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The final frontier
Ali Smith
15 May 2021
published in Issue Zero – Opuscule

Here's a joke from the 1970s, the days when people used to say I say I say I say before they said the first line of a joke.

I say I say I say. What do you do when you see a spaceman?
I don't know. What do you do when you see a spaceman?
Park in it, man.

I say I say I say. This happens two winters ago, a bit before the pandemic we're in hit home. One of our neighbours knocks on our front door. I can see her through the door, the door is made of glass. She's not one to cry easily. She's a teacher, and one of the soundest people, very steady and unflappable. But there she is at the front door and she is crying.

I open it. She says, all in a rush:

our-washing-machine-is-feeding-raw-sewage-straight-into-the-wash-so-I've-had-to-call-a-plumber-and-they're-coming-and-they're-bringing-one-of-those-large-vans-that's-got-a-pump-on-the-back-and-they-need-to-park-in-our-road-as-close-to-the-house-as-they-can-get-but-there's-been-a-car-parked-in-our-emergency-parking-space-for-weeks-and-I-don't-know-whose-it-is.

A bit of background. We live in a very narrow road, a cul de sac of eight small houses. Between us, we all communally own the scrubby space up by the bin store where, if there's ever an emergency, a fire engine or police car or plumber's van etc can pull in. The whole neighbourhood is crowded, it's a fact. There are way more cars than these old streets can cope with, and we often have parking wrangles with people who don't live here who leave their cars in our cul de sac for days, or even weeks.

So, space, you might say, is already at a premium –– even before a pandemic will mean that everybody’s home all the time and so are their cars,

and will mean that back garden fights all round the neighbourhood break out all through the year, about who's doing what too noisily or too close to someone else's garden, or about who's stolen whose cat, or about the union jack bunting that people will hang out for VE day bringing out a bitter brexit fury in the gardens of several houses in the street at the back of ours,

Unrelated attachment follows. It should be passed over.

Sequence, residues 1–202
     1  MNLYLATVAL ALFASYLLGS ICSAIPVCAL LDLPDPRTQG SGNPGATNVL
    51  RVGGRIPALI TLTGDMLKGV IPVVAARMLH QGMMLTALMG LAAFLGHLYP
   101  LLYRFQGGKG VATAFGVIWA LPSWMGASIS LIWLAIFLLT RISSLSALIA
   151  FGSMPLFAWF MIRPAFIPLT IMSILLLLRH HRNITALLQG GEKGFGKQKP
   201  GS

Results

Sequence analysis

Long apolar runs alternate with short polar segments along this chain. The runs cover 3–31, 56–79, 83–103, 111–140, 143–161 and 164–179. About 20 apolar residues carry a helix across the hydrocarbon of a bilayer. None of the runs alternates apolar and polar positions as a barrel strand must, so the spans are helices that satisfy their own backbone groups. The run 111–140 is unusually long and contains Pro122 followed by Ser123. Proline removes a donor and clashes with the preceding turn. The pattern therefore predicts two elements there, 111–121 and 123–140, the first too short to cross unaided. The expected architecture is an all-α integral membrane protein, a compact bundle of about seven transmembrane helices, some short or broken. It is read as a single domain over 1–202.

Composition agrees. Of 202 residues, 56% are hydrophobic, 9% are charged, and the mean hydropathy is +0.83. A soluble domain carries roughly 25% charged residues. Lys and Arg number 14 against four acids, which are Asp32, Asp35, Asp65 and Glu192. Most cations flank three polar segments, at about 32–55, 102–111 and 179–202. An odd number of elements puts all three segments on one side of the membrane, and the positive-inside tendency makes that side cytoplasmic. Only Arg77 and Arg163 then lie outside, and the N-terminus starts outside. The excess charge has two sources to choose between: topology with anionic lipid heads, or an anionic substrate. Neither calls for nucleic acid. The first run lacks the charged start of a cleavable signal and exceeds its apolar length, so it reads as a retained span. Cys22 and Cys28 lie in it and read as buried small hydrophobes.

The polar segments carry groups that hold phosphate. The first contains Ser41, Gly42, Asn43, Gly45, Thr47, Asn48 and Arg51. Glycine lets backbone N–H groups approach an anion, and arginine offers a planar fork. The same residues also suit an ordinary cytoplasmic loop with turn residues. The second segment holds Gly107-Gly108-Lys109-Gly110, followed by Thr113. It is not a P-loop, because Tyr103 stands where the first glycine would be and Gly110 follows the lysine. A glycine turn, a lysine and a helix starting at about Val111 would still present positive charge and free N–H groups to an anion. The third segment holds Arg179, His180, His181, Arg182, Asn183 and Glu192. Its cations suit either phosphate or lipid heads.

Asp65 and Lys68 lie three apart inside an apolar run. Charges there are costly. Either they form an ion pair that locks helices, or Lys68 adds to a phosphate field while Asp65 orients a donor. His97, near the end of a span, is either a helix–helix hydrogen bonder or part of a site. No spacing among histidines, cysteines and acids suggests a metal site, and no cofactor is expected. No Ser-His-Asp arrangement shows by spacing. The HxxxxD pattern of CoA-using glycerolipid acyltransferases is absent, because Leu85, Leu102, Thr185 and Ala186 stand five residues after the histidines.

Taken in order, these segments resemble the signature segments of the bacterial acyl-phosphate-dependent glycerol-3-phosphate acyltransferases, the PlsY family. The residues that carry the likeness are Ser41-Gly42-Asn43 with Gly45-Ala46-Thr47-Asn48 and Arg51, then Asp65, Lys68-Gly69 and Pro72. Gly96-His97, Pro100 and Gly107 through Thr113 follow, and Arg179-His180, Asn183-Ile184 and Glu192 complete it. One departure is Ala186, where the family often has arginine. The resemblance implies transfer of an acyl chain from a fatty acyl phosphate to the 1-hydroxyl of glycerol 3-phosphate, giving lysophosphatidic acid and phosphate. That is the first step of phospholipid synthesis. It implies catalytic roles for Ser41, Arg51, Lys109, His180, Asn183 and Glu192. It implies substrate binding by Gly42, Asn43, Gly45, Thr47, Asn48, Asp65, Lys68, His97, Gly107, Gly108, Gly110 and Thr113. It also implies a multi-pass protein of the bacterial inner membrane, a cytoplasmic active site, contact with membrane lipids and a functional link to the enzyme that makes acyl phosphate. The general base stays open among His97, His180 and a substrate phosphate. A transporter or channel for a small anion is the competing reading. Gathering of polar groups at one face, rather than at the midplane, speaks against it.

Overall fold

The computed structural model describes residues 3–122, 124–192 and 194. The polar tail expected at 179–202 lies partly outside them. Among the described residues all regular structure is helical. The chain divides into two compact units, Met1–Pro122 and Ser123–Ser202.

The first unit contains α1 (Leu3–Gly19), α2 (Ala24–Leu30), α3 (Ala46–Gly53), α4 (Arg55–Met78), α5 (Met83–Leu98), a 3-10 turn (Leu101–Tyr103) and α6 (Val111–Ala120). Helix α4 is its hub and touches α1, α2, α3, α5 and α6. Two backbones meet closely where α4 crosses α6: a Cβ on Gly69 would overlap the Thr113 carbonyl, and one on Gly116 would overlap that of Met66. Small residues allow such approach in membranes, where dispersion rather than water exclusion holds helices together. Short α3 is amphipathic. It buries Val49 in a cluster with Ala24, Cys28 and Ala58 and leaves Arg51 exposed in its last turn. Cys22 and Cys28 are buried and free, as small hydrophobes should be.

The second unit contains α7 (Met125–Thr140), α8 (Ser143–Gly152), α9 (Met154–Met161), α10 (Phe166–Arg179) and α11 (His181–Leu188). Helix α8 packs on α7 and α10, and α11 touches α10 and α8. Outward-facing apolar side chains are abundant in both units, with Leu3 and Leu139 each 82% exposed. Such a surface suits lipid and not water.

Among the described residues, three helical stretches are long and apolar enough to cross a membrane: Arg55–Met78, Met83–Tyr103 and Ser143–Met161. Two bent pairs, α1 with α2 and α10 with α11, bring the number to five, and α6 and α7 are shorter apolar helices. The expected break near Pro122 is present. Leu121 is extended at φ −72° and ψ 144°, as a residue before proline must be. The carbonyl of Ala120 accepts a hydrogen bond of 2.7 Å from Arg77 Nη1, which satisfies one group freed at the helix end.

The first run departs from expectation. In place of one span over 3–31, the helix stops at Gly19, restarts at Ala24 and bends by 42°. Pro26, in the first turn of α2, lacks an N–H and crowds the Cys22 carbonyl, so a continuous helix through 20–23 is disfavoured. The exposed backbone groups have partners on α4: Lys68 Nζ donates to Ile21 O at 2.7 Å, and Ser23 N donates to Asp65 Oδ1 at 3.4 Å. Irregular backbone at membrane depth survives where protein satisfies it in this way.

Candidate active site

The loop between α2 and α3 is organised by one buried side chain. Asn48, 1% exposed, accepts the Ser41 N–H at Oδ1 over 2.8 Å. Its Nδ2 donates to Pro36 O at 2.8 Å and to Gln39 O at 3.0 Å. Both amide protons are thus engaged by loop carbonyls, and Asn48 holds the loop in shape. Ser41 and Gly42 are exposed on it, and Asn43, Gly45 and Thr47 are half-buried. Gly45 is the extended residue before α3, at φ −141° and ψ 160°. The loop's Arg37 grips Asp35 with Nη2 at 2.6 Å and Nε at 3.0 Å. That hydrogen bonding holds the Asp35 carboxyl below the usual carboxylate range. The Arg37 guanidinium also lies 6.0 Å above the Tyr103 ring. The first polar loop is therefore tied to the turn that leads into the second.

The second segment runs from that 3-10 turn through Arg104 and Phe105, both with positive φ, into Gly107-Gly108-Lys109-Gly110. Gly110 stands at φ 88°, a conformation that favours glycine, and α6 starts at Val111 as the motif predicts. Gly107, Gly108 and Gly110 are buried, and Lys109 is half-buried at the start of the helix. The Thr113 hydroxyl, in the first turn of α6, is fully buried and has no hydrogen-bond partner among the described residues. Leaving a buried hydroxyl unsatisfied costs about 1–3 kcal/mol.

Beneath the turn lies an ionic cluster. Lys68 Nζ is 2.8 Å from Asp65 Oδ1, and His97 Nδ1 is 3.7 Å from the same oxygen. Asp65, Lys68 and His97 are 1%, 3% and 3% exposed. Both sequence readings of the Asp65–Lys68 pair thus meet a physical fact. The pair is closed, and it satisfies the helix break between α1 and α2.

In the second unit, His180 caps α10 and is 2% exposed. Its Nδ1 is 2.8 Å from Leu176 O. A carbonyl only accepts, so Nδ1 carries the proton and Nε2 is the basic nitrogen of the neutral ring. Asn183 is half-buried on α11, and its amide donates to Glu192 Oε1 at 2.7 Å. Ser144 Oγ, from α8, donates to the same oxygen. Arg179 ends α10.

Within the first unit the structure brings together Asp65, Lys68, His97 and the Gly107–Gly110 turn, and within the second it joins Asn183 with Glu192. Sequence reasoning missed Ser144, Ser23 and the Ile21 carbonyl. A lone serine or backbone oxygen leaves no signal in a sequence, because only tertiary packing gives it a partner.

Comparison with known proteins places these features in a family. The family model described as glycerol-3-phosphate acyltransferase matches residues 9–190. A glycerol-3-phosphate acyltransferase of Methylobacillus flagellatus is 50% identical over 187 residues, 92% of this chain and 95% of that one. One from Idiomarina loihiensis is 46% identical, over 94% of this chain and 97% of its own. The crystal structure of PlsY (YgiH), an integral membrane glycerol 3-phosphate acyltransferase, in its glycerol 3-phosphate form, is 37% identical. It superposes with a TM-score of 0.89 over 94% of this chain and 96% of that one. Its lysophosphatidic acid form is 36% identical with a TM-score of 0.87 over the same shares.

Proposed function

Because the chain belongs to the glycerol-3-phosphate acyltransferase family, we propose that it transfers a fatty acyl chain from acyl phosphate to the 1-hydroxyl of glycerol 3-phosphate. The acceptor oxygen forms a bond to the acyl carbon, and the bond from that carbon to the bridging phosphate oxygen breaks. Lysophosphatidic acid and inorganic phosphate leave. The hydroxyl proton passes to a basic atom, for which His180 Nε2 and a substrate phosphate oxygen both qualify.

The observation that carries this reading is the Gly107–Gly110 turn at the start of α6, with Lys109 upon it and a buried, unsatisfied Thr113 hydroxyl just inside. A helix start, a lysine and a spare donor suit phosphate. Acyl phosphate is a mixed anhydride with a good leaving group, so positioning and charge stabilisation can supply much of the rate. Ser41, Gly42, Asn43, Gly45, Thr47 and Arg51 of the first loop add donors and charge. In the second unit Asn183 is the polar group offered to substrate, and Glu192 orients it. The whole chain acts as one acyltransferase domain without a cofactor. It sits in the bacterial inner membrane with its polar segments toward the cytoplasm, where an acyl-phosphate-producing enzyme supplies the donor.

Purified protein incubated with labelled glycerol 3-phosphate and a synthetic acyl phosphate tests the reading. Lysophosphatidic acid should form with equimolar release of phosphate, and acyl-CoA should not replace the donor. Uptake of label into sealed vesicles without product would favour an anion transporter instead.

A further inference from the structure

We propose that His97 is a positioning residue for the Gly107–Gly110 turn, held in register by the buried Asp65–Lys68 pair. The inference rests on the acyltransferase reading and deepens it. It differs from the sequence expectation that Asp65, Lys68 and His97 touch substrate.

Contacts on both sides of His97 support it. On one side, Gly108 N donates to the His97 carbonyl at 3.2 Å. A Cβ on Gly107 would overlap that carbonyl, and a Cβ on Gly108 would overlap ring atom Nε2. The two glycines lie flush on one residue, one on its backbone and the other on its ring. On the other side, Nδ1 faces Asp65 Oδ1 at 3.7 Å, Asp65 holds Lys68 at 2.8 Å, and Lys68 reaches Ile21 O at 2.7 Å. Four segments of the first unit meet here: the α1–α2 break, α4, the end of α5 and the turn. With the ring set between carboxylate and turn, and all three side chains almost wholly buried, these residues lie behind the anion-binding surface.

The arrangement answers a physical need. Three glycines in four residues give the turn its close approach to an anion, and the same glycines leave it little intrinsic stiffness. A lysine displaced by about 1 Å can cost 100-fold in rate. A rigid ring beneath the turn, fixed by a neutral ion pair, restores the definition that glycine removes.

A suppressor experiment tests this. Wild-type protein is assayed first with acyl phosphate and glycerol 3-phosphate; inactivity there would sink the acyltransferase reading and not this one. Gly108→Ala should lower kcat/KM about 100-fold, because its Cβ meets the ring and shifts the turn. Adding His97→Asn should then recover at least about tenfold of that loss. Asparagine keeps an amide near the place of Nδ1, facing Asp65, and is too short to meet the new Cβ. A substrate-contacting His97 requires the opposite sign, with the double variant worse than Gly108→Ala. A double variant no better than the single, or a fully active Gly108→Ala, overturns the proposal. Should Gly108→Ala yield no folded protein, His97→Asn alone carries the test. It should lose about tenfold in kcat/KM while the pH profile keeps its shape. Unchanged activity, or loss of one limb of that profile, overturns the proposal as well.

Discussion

and will mean that not only does the space of your own front room become prison-like, but the space round just a single body going for a walk down a road with other people who're doing the same will become charged and sensitised like nothing we've ever known before. It will mean that just going for walks has new rules. And will mean that on the days when we drive out to the nearest countrified place to get out of the town, and walk across a couple of fallow fields whose dividing line is marked by dumped beercans, bottles, plastic wrapping, we'll stop on that ridge between the fields and marvel at a rusting piece of farm machinery there for quite a long time, we'll even be excited by it, like kids would be, partly because it's a relief to come on something that looks like history's meant to look, something both modern and ancient, that used to have something to do with gathering harvests, now dumped and rotting, skeleton of a minor dinosaur or outer space alien creature –– and partly because seeing it has given the walk a sense of discovery, a connection to other times, other things, meaningful things, things meaning other than the feeling that the whole time we're on this walk we're trespassers on someone else's land, which we are, and also escapees from the strange spacey consciousness of a people not yet facing the real grief of what's happening to us all.

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